When I share that I am learning my 6th language, some individuals marvel, while others fear. Some express that they are “constructed” to only understand one. There is a little reality in the belief that being multilingual is a superpower, yet it is equally real that discovering a language is a skill that is purposefully established, not a present some are lucky enough to be born with.
Our charge as teachers is to produce conditions where trainees can develop this life-enhancing, world-expanding super skill, one that is discovered and not given.
Cummins, J. (2021 ). Reassessing the Education of Multilingual Learners: A Critical Analysis of Theoretical Concepts (Linguistic Diversity and Language Rights, 19). Multilingual Matters.
Honigsfeld, A. (2019 ). Growing language & & literacy: strategies for English students: grades K-8. Heinemann.
Motley, N. (2016 ). Talk read talk write: an useful routine for learning in all content locations (K-12). Seidlitz Education.
Snyder, S., & & Staehr Fenner, D. (2017 ). Unlocking English students potential: methods for making content available. Corwin, A Sage Company.
Ward Singer, T. (2018 ). EL excellence every day: the flip-to guide for separating academic literacy.
World image by Gerd Altmann from Pixabay.

Knowing in context
I take Khmer lessons weekly, I am learning more through context-based interactions. I get Khmer numbers as I announce ball games during badminton video games. When conference coworkers at the water cooler around noon, I ask if they have eaten yet, in Khmer. When I hear thunder, I make predictions about the rain in Khmer with easy expressions (e.g., will rain, will not drizzle, you have raincoat).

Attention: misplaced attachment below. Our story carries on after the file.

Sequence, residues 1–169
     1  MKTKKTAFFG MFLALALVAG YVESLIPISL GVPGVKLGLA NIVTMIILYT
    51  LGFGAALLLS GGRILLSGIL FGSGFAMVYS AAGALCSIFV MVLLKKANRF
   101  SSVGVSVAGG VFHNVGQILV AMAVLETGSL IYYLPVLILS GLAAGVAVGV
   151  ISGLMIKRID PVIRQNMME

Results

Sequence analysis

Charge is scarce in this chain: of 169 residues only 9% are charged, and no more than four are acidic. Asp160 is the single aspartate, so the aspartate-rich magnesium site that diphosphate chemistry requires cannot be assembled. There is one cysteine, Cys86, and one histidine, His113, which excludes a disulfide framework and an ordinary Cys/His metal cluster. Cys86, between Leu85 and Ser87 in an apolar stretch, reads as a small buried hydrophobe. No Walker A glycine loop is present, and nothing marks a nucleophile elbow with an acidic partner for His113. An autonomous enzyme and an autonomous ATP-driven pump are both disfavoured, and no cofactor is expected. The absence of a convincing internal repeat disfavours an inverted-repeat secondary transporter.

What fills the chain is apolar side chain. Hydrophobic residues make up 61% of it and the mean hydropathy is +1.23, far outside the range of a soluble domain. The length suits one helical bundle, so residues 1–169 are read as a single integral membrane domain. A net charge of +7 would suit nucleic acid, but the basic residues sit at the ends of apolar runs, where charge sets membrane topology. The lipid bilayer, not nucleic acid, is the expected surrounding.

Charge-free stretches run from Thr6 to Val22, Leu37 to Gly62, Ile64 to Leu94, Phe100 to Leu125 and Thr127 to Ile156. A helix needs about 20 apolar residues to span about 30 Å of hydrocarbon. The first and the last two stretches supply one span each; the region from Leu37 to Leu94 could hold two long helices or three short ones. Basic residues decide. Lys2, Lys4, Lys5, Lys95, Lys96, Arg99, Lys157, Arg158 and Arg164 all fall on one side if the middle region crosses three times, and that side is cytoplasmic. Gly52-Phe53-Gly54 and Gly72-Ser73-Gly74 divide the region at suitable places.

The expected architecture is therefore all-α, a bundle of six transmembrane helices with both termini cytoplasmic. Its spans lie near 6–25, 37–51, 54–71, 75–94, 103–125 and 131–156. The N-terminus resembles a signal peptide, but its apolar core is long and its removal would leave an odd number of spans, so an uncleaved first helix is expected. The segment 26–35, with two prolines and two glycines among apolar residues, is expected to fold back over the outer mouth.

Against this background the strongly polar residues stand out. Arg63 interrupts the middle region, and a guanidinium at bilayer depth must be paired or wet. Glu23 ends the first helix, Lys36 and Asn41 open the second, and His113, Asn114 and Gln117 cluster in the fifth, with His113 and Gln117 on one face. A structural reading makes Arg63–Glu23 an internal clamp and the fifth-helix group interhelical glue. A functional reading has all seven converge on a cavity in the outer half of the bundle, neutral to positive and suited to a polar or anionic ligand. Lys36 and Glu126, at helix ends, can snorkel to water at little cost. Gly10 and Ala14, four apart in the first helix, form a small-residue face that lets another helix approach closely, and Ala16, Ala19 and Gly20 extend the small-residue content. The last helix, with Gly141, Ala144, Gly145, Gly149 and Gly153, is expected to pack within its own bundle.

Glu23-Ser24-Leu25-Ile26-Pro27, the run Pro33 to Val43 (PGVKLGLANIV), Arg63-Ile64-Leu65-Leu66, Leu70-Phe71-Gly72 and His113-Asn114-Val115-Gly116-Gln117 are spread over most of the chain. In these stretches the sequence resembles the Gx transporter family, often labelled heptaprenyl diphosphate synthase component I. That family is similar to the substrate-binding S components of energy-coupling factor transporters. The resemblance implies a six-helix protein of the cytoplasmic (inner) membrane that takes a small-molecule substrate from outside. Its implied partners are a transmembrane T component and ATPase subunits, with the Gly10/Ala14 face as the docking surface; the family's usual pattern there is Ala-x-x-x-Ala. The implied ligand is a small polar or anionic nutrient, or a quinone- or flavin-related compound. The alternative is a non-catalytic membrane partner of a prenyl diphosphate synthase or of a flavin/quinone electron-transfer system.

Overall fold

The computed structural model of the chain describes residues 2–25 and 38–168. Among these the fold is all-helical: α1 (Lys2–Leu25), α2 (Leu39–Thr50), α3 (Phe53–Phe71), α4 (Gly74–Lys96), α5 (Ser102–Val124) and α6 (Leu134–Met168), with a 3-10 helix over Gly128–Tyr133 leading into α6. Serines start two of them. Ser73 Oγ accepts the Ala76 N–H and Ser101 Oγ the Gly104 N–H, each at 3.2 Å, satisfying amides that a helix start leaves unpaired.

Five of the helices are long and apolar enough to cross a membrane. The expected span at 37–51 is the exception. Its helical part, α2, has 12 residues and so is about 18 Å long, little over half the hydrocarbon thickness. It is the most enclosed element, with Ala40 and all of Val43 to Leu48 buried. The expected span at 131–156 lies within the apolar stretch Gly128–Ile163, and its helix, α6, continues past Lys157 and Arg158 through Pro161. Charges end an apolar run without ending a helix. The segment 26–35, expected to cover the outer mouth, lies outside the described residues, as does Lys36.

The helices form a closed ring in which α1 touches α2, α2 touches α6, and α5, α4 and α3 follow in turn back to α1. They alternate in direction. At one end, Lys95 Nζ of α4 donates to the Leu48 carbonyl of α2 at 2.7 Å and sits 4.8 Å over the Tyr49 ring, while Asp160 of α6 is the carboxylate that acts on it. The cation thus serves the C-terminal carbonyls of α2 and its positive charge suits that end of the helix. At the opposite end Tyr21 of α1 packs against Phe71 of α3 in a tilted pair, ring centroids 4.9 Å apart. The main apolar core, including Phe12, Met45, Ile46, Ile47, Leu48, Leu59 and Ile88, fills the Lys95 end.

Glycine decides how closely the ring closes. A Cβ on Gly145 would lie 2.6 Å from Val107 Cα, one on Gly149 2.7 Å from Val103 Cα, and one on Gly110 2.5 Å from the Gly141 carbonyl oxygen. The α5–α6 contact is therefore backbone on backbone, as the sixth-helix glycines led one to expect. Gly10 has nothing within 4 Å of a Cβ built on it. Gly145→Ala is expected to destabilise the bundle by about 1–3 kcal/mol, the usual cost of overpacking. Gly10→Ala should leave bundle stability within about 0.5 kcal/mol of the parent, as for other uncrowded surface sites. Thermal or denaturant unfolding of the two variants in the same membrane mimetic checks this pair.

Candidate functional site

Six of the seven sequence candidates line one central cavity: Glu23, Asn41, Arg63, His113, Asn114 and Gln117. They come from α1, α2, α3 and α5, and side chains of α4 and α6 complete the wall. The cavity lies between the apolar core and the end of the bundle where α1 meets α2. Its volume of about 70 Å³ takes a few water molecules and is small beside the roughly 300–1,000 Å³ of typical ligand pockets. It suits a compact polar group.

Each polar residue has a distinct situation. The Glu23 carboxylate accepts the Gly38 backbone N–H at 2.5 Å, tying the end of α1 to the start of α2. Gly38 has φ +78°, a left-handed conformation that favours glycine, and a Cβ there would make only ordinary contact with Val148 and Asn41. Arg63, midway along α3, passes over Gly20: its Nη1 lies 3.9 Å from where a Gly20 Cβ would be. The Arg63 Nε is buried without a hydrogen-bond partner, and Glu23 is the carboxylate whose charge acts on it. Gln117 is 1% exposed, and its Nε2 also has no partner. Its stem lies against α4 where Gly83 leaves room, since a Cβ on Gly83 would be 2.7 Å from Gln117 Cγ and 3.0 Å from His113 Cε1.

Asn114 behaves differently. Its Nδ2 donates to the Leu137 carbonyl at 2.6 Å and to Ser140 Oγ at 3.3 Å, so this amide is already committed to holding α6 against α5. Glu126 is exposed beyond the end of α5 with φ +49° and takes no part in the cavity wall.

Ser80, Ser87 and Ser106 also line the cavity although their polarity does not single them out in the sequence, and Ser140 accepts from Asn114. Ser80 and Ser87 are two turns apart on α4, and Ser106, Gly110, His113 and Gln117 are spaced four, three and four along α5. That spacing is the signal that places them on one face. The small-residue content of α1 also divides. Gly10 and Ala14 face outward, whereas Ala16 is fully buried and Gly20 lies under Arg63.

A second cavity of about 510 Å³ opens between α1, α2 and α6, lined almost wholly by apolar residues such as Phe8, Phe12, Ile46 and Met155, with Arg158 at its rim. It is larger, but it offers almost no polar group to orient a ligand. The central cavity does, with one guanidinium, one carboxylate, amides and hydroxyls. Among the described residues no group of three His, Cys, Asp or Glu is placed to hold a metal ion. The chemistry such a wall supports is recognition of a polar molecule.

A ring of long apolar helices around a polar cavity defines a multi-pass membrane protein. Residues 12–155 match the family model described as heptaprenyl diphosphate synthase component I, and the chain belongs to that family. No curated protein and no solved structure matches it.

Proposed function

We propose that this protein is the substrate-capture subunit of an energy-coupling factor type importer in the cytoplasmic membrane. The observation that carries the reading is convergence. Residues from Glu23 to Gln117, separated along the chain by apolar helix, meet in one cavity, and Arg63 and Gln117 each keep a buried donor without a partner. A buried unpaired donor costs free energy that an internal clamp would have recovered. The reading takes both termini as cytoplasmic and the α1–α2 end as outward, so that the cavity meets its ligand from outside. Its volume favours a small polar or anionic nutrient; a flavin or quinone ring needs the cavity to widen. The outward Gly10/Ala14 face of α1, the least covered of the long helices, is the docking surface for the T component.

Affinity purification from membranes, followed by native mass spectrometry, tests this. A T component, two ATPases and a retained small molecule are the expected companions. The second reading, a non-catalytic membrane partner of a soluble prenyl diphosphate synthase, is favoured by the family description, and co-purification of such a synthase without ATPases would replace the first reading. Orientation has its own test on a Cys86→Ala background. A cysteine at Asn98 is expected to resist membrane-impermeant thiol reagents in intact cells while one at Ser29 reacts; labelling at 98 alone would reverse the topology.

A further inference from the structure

The majority of these words I discovered out of context while I sat in front of my laptop to participate in synchronous lessons. Though I might discover them in this formal way, those words become etched deeper in my mind as I utilize them in context. The ideas in the context imbue these words with meaning.

Learning one language is like discovering another as numerous of the principles are the same.
Having actually discovered one language is the biggest property in learning a new one. That is since the principles, sounds, patterns, and words we find out in one language can support the acquisition of another (Cummins, 2021).
As I picked up Khmer this year, I began by finding out the Khmer alphabet as I found out high-frequency words to enhance my reading, writing, speaking and listening skills.
There is a little fact in the belief that being multilingual is a superpower, yet it is similarly true that discovering a language is an ability that is purposefully established, not a present some are lucky sufficient to be born with.